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Holocaust Deniers May Face New Prosecutions

At age 70, David Irving, the world's most infamous and intransigent Holocaust denier, continues to flirt with more prison time in a series of European nations over his revisionist claims about World War II. And he is not alone.

At age 70, David Irving, the world's most infamous and intransigent Holocaust denier, continues to flirt with more prison time in a series of European nations over his revisionist claims about World War II. And he is not alone.

In early December, Irving appeared on a British television show, claiming there is "not a single document linking Hitler with decisions on the Holocaust, except negative decisions." (In 2006, Irving served six months of a prison term in Austria for "trivializing, grossly playing down and denying the Holocaust.")

Then on Dec. 18, Spanish police recorded a speech Irving gave at the Europa bookstore, a well-known neofascist haunt, in Barcelona. Investigators said they intended to carefully examine the speech to determine whether Irving's lecture could "incite xenophobia or justify genocide," a crime punishable by prison time in Spain. Fewer than 20 people attended the speech as more than 100 protesters rallied outside.

Also in December, Irving made a controversial appearance in a film celebrating the 60th anniversary of the Universal Declaration of Human Rights. On Dec. 9, Irving appeared on UK television in "An Independent Mind," a documentary by Jewish filmmaker Rex Bloomstein. The director told TotallyJewish.com, a UK news website, that he agonized over the decision to include Irving. But he added: "Irving is someone who reflects the limits of freedom of expression. He epitomizes repellent views which make us aware of the limits of freedom of expression. It would be derelict not to include someone who challenges how we look at that freedom."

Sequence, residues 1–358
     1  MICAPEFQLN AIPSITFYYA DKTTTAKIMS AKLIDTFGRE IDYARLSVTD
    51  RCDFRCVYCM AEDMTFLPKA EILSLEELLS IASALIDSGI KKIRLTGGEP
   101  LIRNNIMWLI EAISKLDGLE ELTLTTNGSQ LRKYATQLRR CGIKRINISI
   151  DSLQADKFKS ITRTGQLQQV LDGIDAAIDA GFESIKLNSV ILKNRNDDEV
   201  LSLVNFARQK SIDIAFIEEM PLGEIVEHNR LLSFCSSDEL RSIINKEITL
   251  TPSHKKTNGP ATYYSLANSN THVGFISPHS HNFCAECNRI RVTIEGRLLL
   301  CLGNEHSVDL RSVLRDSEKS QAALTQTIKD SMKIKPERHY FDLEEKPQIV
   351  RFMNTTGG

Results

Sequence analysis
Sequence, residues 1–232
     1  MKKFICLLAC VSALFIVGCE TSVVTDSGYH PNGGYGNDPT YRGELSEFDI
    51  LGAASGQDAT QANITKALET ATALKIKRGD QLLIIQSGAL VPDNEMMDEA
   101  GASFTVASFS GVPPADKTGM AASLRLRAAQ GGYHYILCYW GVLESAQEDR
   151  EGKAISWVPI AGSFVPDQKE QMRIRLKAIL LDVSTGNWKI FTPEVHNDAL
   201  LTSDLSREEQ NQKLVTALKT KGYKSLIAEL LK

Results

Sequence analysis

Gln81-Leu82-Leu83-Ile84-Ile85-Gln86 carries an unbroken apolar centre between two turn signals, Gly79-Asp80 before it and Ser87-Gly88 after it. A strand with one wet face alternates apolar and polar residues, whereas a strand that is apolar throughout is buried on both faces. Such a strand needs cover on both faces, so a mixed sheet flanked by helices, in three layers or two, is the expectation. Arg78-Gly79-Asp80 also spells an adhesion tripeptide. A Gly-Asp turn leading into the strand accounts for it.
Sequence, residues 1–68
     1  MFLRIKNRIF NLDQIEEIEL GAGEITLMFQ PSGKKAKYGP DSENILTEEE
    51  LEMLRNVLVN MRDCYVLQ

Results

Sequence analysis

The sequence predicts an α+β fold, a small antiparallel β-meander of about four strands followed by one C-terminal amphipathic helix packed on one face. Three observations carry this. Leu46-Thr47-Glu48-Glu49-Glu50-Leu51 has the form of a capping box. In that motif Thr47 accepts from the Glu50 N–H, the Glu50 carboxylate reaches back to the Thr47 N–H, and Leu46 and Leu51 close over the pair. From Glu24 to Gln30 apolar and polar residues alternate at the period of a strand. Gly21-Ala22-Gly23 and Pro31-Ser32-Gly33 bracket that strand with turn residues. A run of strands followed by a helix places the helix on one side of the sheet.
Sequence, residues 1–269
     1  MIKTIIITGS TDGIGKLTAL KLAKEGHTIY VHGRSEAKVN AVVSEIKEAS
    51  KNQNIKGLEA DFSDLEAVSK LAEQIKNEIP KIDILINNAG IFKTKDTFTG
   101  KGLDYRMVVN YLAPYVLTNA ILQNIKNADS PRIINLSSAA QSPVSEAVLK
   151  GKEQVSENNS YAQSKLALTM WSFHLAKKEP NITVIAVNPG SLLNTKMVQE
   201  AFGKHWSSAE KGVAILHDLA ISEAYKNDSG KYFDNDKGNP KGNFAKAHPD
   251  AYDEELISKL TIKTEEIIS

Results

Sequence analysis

The Norwegian Festival of Literature had previously approached Irving in the same spirit to invite him to speak at the well-attended literary festival in May 2009. Festival chairman Jesper Holte said his intention was "to invite a liar and a falsifier of history to a festival about truth, and confront him with this." After controversy erupted over Irving's scheduled appearance last fall, however, the festival rescinded the invitation.

That same month — October 2008 — Australian Holocaust denier Fredrick Töben was arrested at London's Heathrow airport en route from the U.S. to Dubai. Töben was taken into custody by British authorities who planned to extradite him to Germany to face pending charges of Holocaust denial, which in that country is a crime punishable by up to five years in prison. Töben served time in a German prison in 1999 for the same offense.

German prosecutors sought Töben's arrest on grounds that the website of Töben's Adelaide Institute published Holocaust denial statements, including claims that accounts of Nazi gassings were "outright lies." Over the past decade, Töben, a schoolteacher, has gained a number of admirers on the Holocaust-denial circuit. In 2001 and 2003, he spoke out about his beliefs at "Intifada Conferences" held in Iran, where government authorities routinely deny the Holocaust.

Not long after Töben was arrested in London, a British judge ruled that the international warrant for his arrest was invalid because it contained only "vague and imprecise" details about Töben's alleged denial. On Nov. 20, German prosecutors dropped their appeal of that British court ruling, and Töben was released the same day. Back home in Australia, Töben awaits a contempt-of-court hearing for allegedly refusing to comply with a court order to remove all Holocaust denial claims from the Adelaide Institute website.